1. Louise says

    Hi i am just enquiring about how many bricks wroughly you would need to build a brick bbq?

    yours sincerely


  2. says

    Hi there,

    To build a medium size barbecue using a grill tray of approximately 20″ ( 500mm ) square, I would purchase around 170 bricks, this allows approx 12 per course of brick up to 13 courses high and a few spare for mishaps etc. The quantity of brick required really relies on the height and depth of your design, you can purchase bricks individually from a lot of DIY stores so if you ‘run out’ you can always pick up a few more, just check the store has a stock of the bricks you decide to use.

  3. Paul says

    Hi Dave,

    In a long term preparation to building my own barbecue, I have several good quality “fire-bricks” salvaged from old night storage heaters and plan to use these as a base for the charcoals, instead of a metal tray. I plan to lay these on a 3ft x 2ft concrete paver at he correct height. Can you foresee any problems with this idea, please?

    Seondly I plan to construct a low retaining wall, again out of fire bricks, possibly to support cooking grids, around three sides of the cooking area and wonder if there needs to be a special mortar-mix, as these bricks may well become rather hot.

    Thankyou for any help and advice,


  4. says

    Hi Paul,

    As far as I am aware, bricks from most storage heaters are made from thermal conductive materials to retain heat, whereas fire bricks are used in fire pits / fire places etc and will stand high temperatures from direct heat, i.e. hot coals. The bricks from the storage heater may crack with the direct heat from the coals, so it may be worth experimenting first before relying on them as a base for the coals.
    To ensure your retaining wall built from fire bricks is completely heat resistant you could use a heat refractive mortar, there is a company that sells heatproof mortar in 10 kg ready mixed tubs I came across on the internet :- FIREPLACE PRODUCTS LTD ( ), just click on fireplace products on their homepage to locate it.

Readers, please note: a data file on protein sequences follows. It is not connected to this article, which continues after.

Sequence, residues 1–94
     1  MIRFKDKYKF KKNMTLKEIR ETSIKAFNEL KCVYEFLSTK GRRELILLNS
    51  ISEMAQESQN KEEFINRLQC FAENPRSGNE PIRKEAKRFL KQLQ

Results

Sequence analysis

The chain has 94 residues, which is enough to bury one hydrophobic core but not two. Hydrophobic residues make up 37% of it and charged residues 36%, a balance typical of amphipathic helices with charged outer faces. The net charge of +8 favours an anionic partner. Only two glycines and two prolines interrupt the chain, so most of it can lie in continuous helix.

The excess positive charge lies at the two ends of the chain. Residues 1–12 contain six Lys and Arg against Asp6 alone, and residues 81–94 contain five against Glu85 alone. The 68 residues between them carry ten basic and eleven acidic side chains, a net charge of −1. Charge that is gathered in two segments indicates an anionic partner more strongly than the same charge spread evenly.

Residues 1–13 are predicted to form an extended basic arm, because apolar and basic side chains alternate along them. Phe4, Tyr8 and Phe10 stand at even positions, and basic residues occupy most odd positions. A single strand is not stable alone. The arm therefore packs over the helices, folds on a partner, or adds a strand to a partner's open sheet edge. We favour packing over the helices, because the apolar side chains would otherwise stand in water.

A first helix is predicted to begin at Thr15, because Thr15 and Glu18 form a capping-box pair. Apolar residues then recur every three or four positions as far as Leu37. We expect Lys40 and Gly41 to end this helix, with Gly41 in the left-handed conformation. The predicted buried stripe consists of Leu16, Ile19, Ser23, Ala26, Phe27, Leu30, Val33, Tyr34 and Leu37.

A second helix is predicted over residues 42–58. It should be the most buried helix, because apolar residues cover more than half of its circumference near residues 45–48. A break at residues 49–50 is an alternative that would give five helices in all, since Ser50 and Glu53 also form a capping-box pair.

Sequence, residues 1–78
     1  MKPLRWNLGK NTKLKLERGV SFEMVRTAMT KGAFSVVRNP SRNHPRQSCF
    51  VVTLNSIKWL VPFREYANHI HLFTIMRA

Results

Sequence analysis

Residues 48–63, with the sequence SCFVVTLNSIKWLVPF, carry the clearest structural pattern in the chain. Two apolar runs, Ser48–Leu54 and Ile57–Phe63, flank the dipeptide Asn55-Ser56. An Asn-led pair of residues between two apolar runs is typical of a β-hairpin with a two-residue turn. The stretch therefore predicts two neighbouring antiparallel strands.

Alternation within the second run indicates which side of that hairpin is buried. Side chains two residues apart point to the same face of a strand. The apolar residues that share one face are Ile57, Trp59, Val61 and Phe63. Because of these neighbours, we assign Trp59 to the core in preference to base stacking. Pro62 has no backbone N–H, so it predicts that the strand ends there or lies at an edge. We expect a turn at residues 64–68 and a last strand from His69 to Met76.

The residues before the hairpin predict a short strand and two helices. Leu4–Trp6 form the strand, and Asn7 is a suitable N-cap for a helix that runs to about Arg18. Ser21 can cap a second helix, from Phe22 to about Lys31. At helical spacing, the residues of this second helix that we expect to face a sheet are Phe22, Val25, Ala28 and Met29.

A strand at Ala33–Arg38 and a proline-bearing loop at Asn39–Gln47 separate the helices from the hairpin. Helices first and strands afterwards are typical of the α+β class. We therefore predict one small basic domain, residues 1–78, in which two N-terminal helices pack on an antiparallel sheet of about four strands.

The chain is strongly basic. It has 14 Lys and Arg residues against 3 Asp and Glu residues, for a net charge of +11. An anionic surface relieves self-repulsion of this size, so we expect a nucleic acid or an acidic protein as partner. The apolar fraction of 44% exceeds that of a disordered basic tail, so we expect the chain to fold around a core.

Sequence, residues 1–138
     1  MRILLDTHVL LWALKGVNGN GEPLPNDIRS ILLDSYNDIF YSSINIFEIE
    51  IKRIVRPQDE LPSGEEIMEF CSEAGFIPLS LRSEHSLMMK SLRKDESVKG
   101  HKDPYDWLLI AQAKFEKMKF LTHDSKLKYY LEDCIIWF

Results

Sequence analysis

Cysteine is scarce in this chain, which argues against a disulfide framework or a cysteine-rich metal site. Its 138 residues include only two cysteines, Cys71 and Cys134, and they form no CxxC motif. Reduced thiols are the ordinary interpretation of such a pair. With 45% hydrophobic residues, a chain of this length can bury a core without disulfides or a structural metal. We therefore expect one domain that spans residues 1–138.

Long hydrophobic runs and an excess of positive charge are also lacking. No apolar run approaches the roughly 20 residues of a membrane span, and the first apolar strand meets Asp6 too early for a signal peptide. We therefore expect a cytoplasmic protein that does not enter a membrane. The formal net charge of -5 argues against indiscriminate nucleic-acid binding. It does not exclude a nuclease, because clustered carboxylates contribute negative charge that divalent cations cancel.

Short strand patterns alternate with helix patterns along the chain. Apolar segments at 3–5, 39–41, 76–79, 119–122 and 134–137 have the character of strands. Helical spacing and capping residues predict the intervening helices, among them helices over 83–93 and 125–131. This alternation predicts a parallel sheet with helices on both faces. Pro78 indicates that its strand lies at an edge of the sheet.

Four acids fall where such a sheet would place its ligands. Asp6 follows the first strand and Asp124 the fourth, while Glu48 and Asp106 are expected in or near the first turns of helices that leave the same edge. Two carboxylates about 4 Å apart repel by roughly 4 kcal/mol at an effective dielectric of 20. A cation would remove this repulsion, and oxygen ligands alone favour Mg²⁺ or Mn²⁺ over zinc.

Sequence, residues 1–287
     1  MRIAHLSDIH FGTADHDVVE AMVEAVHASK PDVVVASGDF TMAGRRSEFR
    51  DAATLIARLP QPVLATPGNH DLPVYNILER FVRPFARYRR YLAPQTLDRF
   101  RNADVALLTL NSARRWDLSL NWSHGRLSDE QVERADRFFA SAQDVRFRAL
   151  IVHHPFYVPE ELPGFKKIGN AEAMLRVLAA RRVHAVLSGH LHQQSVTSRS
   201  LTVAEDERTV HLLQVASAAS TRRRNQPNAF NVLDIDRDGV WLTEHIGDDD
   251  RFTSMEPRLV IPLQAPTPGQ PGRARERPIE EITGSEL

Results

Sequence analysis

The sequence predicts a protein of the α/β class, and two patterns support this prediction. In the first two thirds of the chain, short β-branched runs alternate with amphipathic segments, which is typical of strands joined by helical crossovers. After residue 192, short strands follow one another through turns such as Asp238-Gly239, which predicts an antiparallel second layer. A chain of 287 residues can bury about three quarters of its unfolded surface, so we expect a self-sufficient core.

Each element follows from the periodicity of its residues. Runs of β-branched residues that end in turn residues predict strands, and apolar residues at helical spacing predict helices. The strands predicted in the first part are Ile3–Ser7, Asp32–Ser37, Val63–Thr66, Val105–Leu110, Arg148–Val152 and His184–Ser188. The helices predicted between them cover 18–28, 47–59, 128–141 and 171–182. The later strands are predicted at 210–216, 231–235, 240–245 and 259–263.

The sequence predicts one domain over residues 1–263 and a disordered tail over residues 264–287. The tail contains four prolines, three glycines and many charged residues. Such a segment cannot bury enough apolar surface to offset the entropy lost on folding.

All the best Paul and I hope this helps you with your barbecue project.


  5. James says

    Thanks for the design. Can’t wait to start.Two questions:
    1. Does your design use ordinary bricks or fire bricks?
    2. I’ve got plenty of old London bricks but I’m worried that these won’t be good enough for a job like this. On the other hand, they were fired when they were made so that should mean they can withstand hot temperatures, right?

    Hi James,
    The design can be used for ordinary or fire bricks, as you explained, bricks are fired at high temperatures so they should be fine to use, but if you are unsure about the quality of the London bricks you can always line the inside of your barbecue walls with fire bricks which can be purchased at around 1 1/4 inches (30mm) thick and held in place with a heat resistant mortar, don’t forget to add the fire brick plus mortar depth to your internal dimensions when you start your barbecue. You can always experiment by loose laying the London bricks around the coal tray placed on the ground, ignite the coals and see how the bricks react to the heat.

  6. David M says

    Hi, I built a similar pit a few years ago and plan on building another soon. I used regular brick for the bulk of the project, but lined it with fire brick and used high temp mortar. Even so, I still experienced cracking down the back wall of the pit which was in a standard U shape. I tried everything I could think of to keep it from happening, but the crack would increase and decrease in relation to the heat of the pit. Even so, it still cooked like a dream. In the next effort, I will use nothing but firebrick for the entire project and will “face” the outside with some decorative stone. The pit I built previously was large enough to allow me to cook enough food for over 50 people during my son’s party when he left for the Army. I am in no way to be considered a brick mason, so my pit looked ancient and was affectionately named “Stonehenge”!